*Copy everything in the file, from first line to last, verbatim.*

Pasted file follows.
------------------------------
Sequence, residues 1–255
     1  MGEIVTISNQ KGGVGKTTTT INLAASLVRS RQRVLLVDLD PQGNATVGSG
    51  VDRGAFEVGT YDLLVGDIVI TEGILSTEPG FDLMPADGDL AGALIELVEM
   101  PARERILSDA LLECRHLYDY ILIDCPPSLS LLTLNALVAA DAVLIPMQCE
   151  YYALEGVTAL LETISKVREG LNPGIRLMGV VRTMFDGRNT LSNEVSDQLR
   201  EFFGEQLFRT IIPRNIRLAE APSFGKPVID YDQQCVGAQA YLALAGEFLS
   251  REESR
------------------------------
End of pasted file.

Sequence, residues 1–255
     1  MGEIVTISNQ KGGVGKTTTT INLAASLVRS RQRVLLVDLD PQGNATVGSG
    51  VDRGAFEVGT YDLLVGDIVI TEGILSTEPG FDLMPADGDL AGALIELVEM
   101  PARERILSDA LLECRHLYDY ILIDCPPSLS LLTLNALVAA DAVLIPMQCE
   151  YYALEGVTAL LETISKVREG LNPGIRLMGV VRTMFDGRNT LSNEVSDQLR
   201  EFFGEQLFRT IIPRNIRLAE APSFGKPVID YDQQCVGAQA YLALAGEFLS
   251  REESR